- Airplane doors are impossible to open at cruising altitude, which is about 36,000 feet above sea level.
- Cabins are pressurized to mimic conditions at 8,000 feet above sea level to keep passengers alive.
- The lower the air pressure, the harder it is for people to breathe.
- The pressure pushing against the average passenger door equals about 1,100 pounds per square foot.
Following is a transcript of the video.
Narrator: This is episode 123 of “The Twilight Zone,” “Nightmare at 20,000 Feet.” Arguably one of the most iconic episodes of the show ever made, it stars William Shatner as a:
Clip: Portrait of a frightened man: Mr. Robert Wilson.
Narrator: Bob sees a gremlin on the wing of the plane and decides the only possible solution to the problem is to steal the air marshal’s gun, open the emergency exit, and shoot the thing. Clearly, this scene is complete fantasy. And I’m not talking about the gremlin.
There are a couple of reasons why you can’t open an airplane door mid-flight. The first being: It’s locked. But there’s another big factor that “The Twilight Zone” seems to ignore, and that’s physics.
Let’s consult our first completely reliable source, the episode’s IMDb “Goofs” page. It says the plane Shatner’s flying in is either a twin-engined Convair or a four-engined Douglas DC-6 or DC-7. All of which would have been pressurized.
The higher a plane flies, the lower the air pressure outside. And the lower the air pressure, the harder it is to breathe. That’s because the air is thinner the higher you go. The molecules are literally farther apart. So there are fewer oxygen molecules in every breath you breathe and less pressure diffusing that oxygen into your bloodstream.
Over 18,000 feet above sea level, and our bodies just aren’t able to absorb enough to keep us functioning. That’s why planes are pressurized to mimic conditions about 8,000 feet above sea level. It’s a nice middle ground that lowers the oxygen in our blood by only about 4%, which is not enough to really affect how we function.
Modern airlines fly at about 36,000 feet above sea level. If they weren’t pressurized, it would cause delirium in seconds and knock you out in under a minute. And the difference between the inside of the plane and the outside can be huge. Which is exactly where the doors come in. Inside the cabin, 8 pounds of pressure push against every square inch of surface area. The typical passenger door is about 6 feet tall by 3 1/2 feet wide. So we’re looking at more than 24,000 pounds of pressure bearing down on that exit.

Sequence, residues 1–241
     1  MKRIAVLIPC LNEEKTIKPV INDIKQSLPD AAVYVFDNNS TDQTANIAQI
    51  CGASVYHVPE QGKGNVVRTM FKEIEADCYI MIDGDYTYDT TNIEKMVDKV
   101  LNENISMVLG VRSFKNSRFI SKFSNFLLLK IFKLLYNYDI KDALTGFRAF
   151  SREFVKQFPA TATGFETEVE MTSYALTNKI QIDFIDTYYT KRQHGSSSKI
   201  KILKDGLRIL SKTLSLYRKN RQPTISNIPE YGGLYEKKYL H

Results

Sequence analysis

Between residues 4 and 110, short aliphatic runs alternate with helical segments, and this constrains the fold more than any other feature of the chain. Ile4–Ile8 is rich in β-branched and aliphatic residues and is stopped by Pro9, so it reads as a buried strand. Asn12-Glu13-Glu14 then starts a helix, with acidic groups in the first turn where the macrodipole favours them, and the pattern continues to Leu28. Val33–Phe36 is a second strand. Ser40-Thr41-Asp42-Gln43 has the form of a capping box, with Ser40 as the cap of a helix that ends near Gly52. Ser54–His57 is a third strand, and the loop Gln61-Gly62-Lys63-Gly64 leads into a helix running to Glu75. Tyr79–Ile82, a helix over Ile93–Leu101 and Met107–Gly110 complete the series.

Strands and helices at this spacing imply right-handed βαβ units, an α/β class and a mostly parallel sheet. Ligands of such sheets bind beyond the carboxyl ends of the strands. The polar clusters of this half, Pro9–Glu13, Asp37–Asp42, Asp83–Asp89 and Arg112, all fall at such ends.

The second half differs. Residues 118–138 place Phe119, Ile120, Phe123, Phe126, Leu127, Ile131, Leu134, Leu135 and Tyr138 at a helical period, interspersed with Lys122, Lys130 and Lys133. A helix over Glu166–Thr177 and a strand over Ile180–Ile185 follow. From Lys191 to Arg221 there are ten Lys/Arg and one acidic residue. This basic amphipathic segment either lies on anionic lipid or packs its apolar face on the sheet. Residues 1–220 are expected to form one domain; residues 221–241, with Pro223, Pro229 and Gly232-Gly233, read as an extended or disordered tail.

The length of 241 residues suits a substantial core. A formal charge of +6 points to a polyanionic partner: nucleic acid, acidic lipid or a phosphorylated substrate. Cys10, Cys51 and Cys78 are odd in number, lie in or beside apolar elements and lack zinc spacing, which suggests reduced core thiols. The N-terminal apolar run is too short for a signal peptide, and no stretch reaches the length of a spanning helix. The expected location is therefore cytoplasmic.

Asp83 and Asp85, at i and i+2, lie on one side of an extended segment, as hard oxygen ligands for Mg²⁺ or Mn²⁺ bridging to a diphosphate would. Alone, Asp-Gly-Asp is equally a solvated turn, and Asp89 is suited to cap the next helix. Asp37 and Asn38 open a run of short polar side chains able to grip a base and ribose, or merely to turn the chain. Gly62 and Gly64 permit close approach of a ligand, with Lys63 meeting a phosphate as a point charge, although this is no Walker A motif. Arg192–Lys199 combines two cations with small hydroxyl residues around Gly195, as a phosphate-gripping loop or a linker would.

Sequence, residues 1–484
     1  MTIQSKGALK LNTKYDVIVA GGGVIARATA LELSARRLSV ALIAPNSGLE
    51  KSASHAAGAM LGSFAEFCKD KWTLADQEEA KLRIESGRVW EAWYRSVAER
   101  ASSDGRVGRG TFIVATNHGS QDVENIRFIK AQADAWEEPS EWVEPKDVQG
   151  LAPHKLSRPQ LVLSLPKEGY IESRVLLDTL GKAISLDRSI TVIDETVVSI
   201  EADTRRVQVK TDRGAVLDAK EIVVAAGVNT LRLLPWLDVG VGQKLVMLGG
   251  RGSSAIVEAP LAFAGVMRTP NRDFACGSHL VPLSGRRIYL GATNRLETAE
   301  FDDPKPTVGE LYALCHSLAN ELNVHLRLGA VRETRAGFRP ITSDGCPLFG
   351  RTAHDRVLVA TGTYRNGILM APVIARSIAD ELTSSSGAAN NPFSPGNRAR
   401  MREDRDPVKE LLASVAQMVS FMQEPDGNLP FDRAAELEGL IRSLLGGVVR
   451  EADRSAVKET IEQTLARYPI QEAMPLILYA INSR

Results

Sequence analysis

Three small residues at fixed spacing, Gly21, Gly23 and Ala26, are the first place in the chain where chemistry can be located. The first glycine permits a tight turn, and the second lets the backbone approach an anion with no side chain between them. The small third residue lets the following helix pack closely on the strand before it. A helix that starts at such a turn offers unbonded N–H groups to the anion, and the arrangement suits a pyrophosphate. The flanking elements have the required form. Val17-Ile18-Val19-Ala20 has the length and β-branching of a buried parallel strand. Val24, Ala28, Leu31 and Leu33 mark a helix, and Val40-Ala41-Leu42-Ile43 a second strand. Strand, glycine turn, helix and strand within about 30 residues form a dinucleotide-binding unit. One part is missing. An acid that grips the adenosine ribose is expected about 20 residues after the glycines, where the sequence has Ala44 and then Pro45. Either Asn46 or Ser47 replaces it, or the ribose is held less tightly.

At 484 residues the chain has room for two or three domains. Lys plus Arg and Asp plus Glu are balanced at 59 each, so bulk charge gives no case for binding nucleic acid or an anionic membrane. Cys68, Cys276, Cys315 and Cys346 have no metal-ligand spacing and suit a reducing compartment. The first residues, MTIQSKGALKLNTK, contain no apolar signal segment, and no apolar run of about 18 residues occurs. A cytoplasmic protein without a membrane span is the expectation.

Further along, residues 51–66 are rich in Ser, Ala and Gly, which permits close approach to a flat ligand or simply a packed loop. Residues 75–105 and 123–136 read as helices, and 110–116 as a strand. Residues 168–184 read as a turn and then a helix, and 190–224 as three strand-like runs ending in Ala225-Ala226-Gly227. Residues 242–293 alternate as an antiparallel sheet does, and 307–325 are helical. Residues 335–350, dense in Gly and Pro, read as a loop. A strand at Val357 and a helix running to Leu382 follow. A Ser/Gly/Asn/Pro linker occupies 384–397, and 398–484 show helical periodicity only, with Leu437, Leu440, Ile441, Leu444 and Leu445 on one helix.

The strongest man alive can deadlift only 1,102 pounds. “But wait!” you scream at your computer screen. “This nightmare was at 20,000 feet, not 36,000. The pressure would be lower!” You’re right, but there’s no need to yell.
Clip: Keep your voice down.
Bob: I’m sorry, I’m sorry.
Narrator: The pressure would be lower, but still too much for a person to overcome, even William Shatner. And the door flying out into the inky black? Practically impossible on a modern plane. Most passenger doors are tapered, the inner edge being wider than the outer. It’s called a plug door, and it basically acts like a bathtub-drain stopper, corking the hole without falling through. But what if someone on your plane had Shatner’s superhuman strength? It could cause something called “explosive decompression.” And it’s the one thing “The Twilight Zone” got mostly right.
During an Aloha Airlines flight in 1988, a piece of the fuselage tore loose at 24,000 feet, leaving “blue sky where the first-class ceiling had been,” according to the captain. The chief flight attendant was instantly sucked out of the plane through that gaping hole.
Explosive decompression happens infrequently, but it does happen. A rip in the plane wall, a window cracks, it doesn’t matter the cause. The huge pressure difference creates a vacuum capable of shooting anything up to 1,000 pounds out into the sky. And that vacuum effect would last until the pressure inside the cabin matched the pressure outside. So Shatner made a good call buckling himself in before opening that emergency exit.
If you don’t live in the Twilight Zone, your chances of pulling open an airplane door mid-flight are just as good as seeing a gremlin on the wing. So the next time you start getting nervous about it, just remind yourself:
Bob: I’m gonna be all right.